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Showing content with the highest reputation since 07/27/2020 in Posts

  1. 1 point
    maehne

    PSL in SystemC

    I am not aware of a widely used free PSL implementation for SystemC. However, you can find some research papers discussing using PSL together with SystemC, e.g.: Ali Habibi, et al.: Assertion Based Verification of PSL for SystemC Designs, IEEE, 2004. Wolfgang Ecker, et al.: Implementation of a SystemC Assertion Library, Design & Reuse.
  2. 1 point
    Eyck

    randomize a vector of values using scv

    SCV does not contain an the respective overloads for scv_introspection and _scv_distribution. Therefore there is afaik no way to simply randomize a vector. As a workaround you might use the randomization for plain C-style arrays.
  3. 1 point
    Just to add 2 cents to @David Black proposal: If the instantiation is exepensive you could fork() (https://en.wikipedia.org/wiki/Fork_(system_call)) your programm after instantiating the design. Basically you create a new OS process as copy of the current one and here you can continue the simulation. But in essence it is the same approach as David described.
  4. 1 point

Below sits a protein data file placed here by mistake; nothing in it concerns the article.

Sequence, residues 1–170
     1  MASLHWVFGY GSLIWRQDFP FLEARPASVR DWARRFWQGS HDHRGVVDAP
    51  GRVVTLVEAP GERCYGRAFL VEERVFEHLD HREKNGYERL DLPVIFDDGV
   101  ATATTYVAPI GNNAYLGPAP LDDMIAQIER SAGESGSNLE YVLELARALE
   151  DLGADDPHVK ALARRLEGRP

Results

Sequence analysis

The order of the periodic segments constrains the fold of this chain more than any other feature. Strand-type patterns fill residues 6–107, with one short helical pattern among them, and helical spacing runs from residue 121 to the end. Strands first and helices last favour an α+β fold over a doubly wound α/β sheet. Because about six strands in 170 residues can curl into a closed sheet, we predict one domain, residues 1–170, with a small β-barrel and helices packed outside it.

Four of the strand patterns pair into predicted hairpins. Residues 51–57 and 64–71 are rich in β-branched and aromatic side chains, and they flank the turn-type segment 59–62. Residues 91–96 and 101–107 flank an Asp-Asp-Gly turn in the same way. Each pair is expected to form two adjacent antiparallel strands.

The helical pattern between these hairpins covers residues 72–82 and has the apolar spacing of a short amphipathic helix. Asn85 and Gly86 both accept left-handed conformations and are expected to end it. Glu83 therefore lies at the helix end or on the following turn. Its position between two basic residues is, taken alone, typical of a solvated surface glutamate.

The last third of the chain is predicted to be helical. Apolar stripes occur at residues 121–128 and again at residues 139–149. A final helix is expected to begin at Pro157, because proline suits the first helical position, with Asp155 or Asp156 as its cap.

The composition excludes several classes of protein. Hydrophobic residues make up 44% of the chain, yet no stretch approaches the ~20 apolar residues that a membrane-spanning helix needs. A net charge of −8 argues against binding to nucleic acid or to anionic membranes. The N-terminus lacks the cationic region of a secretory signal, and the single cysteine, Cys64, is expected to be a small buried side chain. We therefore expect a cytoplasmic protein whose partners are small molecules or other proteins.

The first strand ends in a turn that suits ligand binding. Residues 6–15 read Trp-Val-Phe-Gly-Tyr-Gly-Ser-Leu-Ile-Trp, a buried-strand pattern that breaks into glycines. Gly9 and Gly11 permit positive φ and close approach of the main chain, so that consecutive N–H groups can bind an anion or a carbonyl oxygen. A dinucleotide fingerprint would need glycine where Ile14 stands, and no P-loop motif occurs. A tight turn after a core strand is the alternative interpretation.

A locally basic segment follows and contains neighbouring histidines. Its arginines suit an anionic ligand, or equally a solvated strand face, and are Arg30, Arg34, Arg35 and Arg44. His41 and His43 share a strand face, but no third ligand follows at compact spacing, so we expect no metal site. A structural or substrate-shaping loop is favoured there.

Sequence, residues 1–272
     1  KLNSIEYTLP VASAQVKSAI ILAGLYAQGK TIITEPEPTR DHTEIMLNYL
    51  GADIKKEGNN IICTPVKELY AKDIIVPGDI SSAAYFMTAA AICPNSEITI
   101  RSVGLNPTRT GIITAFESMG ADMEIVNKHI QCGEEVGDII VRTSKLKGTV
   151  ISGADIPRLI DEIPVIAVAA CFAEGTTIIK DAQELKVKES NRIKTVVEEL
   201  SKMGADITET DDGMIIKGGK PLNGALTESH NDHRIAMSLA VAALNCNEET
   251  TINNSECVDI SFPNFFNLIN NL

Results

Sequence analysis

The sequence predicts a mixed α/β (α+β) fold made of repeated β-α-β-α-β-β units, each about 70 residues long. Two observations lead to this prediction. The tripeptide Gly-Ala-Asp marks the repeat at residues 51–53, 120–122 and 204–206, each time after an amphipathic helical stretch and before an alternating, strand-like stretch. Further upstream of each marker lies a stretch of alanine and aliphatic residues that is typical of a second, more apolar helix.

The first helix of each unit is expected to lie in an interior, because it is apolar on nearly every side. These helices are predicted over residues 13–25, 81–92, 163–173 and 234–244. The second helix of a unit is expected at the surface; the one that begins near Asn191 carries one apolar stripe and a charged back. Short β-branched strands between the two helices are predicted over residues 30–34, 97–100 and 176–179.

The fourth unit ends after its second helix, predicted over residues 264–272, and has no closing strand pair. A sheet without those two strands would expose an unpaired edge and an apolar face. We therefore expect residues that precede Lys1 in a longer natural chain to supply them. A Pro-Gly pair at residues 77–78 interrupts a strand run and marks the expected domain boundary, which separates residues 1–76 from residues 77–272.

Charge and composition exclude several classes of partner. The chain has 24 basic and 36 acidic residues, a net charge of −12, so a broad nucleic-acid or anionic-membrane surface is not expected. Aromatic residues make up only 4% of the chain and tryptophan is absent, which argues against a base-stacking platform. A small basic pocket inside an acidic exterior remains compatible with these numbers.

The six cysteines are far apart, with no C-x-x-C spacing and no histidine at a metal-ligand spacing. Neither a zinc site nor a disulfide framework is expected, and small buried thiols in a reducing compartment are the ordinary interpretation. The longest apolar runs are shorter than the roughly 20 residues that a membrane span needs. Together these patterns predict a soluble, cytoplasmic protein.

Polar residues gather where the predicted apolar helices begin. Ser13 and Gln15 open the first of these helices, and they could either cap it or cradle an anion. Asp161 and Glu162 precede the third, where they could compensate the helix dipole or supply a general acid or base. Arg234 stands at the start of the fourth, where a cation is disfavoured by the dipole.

The primary reason is that the SystemC Proof-of-Concept (PoC) implementation uses some global data structures, which get constructed during elaboration, which are not fully cleaned up when sc_stop() is called. These data structures are only freed by the OS when the application quits. There have been some efforts improve the PoC implementation in this area, but these are currently stalled. Unfortunately, partially due to bad code examples, bad habits, and laziness, many SystemC models also not cleanly deallocate their dynamically allocated resources, as they still use manual resource allocation using the new operator, but never release that memory using delete as they don't implement a destructor out of laziness. Since the general availability of smart pointers in C++'11, especially std::unique_ptr<T>, managing cleanly dynamic memory management has become much more convenient and there is no justification anymore to write such dirty code. However, there is a lot of legacy code out there making a bad example and hardware engineers often lack a formal education in C++ instead learning the language basically on the job. This will only resolve slowly over time. @David Black's suggestion to launch your multiple simulations from a separate process implemented using your favourite scripting language or even in C++, is the easiest workaround for the above problems.
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